Willy Russell’s hilarious comedy, Educating Rita, about two seemingly opposite people – Rita, a full-on 100mph hairdresser who sees returning to education as a way to a more rewarding life, and Frank, the jaded university lecturer who is about to have his comfortable but tired existence blown apart by his new student – opens the autumn 2013/winter 2014 programme from the Library Theatre Company at The Lowry in Salford.
Taking on the role of Rita is Liverpool-born Gillian Kearney, who is well known to Manchester theatre audiences from roles in William Shakespeare’s King Lear, Richard Brinsley Sheridan’s The Rivals, and Rod Wooden’s Your Home in the West, all at the Royal Exchange. TV lovers will recognise her from Shameless where she played Sue, Jessica Harrison in Casualty and possibly her most famous role (back in the 80s) as Debbie McGrath in Brookside!
Gillian stars alongside Preston born Philip Bretherton, as Frank, in this production which opens on the 26th September. Manchester’s Finest managed to pin Gillian down during her rehearsals for a quick chat about what we can expect.
MF: How does it feel to be playing Rita onstage in ‘Educating Rita’- such an iconic role?
GK: It’s an honour. It has such great writing from Willy Russell who has always been one of my icons. I was very lucky to have worked with him when I was sixteen – I played young Shirley in the film Shirley Valentine (which he wrote) and so I got to know him and his family very well. Just to read his dialogue is such a privilege really.
“When he meets Rita she gives him hope and then he loses hope again along the way and I think that’s something that never changes – people’s dilemmas.”
MF: Now if anyone saw the film version back in 1983 starring Julie Walters and Michael Caine they would be in for a shock when they see the stage version as this is a 2 hander play, whereas in the film we meet lots of other characters?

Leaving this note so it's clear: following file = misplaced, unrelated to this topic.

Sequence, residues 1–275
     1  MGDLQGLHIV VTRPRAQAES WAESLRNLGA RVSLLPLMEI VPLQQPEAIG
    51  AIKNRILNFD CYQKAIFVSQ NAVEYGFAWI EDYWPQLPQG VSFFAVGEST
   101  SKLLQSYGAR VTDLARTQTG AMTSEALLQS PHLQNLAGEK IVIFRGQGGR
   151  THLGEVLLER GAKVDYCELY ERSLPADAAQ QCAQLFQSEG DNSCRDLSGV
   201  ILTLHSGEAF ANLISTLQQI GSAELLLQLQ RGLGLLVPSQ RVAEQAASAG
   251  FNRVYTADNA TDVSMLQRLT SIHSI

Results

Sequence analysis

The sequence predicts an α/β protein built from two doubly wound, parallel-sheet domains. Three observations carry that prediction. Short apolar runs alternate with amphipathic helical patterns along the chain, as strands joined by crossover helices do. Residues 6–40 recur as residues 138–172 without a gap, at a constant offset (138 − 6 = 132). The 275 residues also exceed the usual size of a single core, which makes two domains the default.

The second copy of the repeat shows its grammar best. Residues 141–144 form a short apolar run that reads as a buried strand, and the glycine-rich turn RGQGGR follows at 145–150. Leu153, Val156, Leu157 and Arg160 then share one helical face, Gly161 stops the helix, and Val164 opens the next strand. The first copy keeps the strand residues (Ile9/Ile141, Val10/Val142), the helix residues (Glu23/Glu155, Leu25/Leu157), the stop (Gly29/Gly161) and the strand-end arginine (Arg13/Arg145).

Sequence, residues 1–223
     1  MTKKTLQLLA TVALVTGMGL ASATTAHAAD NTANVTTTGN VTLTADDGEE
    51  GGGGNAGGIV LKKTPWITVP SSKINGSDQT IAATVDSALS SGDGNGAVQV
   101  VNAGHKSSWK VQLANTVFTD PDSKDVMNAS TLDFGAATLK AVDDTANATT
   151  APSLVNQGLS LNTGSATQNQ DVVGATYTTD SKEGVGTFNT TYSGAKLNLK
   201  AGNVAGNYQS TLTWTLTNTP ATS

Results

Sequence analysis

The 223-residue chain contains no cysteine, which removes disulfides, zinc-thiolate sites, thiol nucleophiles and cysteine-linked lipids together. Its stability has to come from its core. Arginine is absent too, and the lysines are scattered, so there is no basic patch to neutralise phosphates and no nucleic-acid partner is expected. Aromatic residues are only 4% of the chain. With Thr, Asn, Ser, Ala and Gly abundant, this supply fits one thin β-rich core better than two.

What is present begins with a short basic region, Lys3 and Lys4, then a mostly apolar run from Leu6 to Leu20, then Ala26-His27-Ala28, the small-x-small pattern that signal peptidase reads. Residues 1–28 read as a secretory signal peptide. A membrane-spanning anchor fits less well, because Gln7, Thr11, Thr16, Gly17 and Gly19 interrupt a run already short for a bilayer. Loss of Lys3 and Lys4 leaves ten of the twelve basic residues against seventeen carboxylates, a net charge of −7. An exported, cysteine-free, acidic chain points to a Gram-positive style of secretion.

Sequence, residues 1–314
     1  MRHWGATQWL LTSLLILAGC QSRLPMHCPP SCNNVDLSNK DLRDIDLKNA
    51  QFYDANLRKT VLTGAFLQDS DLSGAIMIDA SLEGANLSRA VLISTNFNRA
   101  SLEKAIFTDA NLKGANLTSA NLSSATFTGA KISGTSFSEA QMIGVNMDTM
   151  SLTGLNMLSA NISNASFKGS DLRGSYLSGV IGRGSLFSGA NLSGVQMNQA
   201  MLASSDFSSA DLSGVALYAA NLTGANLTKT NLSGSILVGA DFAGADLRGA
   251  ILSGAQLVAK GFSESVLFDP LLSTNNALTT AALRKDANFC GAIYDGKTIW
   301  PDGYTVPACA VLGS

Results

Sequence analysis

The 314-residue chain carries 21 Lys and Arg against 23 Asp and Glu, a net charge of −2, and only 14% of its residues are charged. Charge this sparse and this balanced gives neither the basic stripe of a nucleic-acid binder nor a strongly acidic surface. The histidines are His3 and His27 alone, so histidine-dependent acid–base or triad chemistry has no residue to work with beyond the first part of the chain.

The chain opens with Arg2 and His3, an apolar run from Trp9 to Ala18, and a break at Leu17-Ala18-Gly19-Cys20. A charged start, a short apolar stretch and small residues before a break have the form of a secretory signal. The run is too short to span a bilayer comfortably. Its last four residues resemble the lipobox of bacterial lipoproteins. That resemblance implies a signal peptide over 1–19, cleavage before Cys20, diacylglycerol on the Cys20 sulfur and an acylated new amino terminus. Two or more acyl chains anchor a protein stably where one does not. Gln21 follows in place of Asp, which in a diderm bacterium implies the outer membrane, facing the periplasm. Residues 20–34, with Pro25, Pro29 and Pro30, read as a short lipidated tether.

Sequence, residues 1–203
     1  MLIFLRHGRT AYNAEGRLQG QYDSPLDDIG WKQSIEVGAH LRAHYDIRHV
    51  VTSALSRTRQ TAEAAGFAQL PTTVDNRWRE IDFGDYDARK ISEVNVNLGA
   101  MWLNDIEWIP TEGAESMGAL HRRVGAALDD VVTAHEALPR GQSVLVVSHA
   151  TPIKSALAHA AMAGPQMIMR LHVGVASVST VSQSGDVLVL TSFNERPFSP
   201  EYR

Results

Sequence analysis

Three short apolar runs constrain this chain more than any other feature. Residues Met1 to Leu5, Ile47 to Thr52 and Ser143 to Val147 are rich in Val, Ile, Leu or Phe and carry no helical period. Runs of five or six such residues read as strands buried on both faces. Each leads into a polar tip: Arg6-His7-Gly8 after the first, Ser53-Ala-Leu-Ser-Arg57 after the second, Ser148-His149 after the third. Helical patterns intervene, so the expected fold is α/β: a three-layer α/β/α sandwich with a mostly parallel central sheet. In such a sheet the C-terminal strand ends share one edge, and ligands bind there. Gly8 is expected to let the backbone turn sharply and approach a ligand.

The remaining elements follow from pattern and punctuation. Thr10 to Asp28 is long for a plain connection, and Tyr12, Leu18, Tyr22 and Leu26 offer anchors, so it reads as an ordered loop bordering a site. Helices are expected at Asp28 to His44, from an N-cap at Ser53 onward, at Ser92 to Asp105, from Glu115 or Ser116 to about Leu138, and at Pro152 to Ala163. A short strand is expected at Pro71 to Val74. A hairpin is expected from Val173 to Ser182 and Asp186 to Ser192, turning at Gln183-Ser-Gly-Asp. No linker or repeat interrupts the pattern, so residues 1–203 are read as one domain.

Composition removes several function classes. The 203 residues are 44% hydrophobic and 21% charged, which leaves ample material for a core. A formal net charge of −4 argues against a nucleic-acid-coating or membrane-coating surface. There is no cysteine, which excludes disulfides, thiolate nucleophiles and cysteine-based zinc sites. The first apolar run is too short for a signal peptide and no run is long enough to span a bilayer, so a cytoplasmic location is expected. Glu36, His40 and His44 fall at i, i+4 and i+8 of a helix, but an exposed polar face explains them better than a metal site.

GK: Yes, you are right-the play is completely Frank and Rita so it’s pretty intense because of that. It’s set in the same room, it’s just time moves on and Rita changes along the way. Other parts you saw in the film are there but just all in the dialogue, she’s a great storyteller Rita so fortunately so she fills out all the details. We hear from her about Denny her husband and we hear about Julia, Franks’ partner. Ultimately it’s about her and Frank’s relationship and because it’s just the two onstage all the time it really focuses on that. You can really see what goes on and what’s happening to them as friends-how they improve each other and also hurt each other along the way.
MF: Rita goes on a real journey throughout the play, can you sympathise with her plight?
GK: Yes, definitely, you really get inside the frustration she feels. The passion is there and the longing to change and improve but she just loses her way. She doesn’t realise the ‘educating Rita’ at the end isn’t just about academia it’s about keeping your immediacy and your honesty.
MF: The play was written back in 1980 – over 33 years ago – why do you think it’s still attracting audiences?
GK: It’s about human beings, and it’s very honest. Human problems never seem to change. We all struggle with the same feelings of inadequacies. Rita’s very hungry to absorb like a sponge but Frank’s very disillusioned with life at the beginning. When he meets Rita she gives him hope and then he loses hope again along the way and I think that’s something that never changes – people’s dilemmas.
Library Theatre Company
The Lowry, Salford
Thu 26 September – Sat 12 October 2013